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Lotus Notes could kill MSAccess

Originally written 20030415

MSAccess only filled the void after Borland killed DBase. Borland saw DBase as the competitor to Borland's own Paradox application, which was more a glorified spreadsheet than a database . When Borland bought Ashton-Tate, they could have capitalized on combining the universal DBase file format with the easy-to-use-by-business-managers features from Paradox. Instead they announced that they were killing DBase. Classic case of "Not Invented Here". Paradox did not have enough market share to survive, and so they lost the market completely.

Meanwhile FoxPro had moved the DBase format to Unix, and Clipper and a few others allowed compiled applications on MSDOS. MSAccess was originally garbage, but MS bought FoxPro and started importing the technology into Access, while making certain that FoxPro received no development funds. MS is the only company in the world with a massive case of "Not Invented There", but for once they decided to push their own brand at the expense of better technology THAT THEY OWNED. (Microsoft may often remove better technology from the world, but usually because it may compete with a Microsoft product. This is the only case I know where they killed something they owned because it would compete with the version they created in-house.)

Eventually MSAccess became popular due to its inclusion in MSOffice, but nobody who has worked on any other database system will ever choose it for anything. (I know saying "never" is bad form, and I tend to underestimate the stupidity in the world, but there are not any database platforms worse than MSAccess.)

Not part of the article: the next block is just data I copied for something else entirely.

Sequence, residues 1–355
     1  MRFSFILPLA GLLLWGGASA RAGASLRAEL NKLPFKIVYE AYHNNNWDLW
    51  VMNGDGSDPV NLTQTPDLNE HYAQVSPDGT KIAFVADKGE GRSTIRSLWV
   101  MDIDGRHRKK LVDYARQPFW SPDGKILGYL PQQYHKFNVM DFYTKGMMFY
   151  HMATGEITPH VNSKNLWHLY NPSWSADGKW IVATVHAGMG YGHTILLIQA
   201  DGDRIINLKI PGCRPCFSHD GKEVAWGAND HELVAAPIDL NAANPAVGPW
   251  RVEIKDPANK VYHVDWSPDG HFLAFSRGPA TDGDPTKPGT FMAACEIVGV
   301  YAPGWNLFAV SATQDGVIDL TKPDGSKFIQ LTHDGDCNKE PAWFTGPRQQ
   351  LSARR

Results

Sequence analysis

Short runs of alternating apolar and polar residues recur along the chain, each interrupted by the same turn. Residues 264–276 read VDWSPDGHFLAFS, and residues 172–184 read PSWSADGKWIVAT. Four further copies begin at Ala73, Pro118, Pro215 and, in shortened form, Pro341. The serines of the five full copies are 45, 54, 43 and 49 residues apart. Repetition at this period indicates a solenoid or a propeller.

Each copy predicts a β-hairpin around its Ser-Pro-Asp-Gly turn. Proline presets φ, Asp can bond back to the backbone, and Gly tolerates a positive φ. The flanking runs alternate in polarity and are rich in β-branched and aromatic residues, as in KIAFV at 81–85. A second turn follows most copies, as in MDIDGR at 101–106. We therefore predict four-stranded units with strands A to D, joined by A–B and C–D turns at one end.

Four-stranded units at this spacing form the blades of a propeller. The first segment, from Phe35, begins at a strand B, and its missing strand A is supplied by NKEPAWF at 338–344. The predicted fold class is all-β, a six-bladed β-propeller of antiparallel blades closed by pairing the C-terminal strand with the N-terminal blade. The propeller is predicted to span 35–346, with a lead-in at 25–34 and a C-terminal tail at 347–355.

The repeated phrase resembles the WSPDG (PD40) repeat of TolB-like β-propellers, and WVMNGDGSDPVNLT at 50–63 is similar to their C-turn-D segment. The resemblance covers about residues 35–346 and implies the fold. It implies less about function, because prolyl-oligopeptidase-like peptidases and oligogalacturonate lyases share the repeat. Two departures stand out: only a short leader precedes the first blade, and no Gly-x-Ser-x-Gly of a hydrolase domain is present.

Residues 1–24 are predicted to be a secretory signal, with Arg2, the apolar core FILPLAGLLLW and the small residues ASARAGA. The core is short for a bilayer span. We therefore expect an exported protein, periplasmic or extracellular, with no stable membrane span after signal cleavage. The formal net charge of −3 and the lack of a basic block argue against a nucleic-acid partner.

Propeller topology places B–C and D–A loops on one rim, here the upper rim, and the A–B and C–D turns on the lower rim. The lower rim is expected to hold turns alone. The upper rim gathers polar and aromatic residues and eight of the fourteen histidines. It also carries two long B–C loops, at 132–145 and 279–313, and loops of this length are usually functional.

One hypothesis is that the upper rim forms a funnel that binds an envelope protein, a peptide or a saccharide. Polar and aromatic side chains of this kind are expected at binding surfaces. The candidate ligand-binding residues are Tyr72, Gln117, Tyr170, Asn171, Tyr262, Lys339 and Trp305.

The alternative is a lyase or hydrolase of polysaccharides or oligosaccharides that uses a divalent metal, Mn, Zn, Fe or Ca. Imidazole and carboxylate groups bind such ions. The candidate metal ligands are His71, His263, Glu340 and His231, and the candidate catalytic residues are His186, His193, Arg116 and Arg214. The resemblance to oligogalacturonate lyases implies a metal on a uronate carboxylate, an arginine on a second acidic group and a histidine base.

So two cases of NIH lead MS to have an incredibly bad product dominating its market.

IBM has the answer:

Lotus Notes is a database program using a data stucture that can be understood by any business manager, and has an interface so those managers can build applications easily. Lotus Notes was originally sold for business communication, so IBM continues to sell it as part of their business communications software. Very slight changes to the client could make it both the best email client for home use, as well as the best database program for 'small' (up to 50,000 records) database applications. Allow the client to generate a key, and we solve the problems of security and spam.

A single client use version of Lotus Notes could easily defeat both MSOutlook and MSAccess. Follow the Netscape marketing model and give it away for free for non-commercial use. More business people would be comfortable with it, and that creates more corporate sales. The almost tied battle with MSExchange ends with Lotus Notes dominating the market for corporate email and applications. Enterprise Java (Websphere) and many other technologies are already integrated with Lotus Notes. .NET is history. Desktop Linux will kill Windows. Push an open word processing file format, such as extending HTML to have better control over printing, adding tags to put page headers/footers into the HEAD section. Microsoft will die quickly.

I doubt IBM will do it. Not because of their great friendship with Microsoft, but because IBM sees software as an excuse to sell hardware. Since IBM still thinks of itself as a hardware company, I can see why they believe it. But the world would be a much better place if IBM marketed Lotus Notes well.

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Paul Ercolino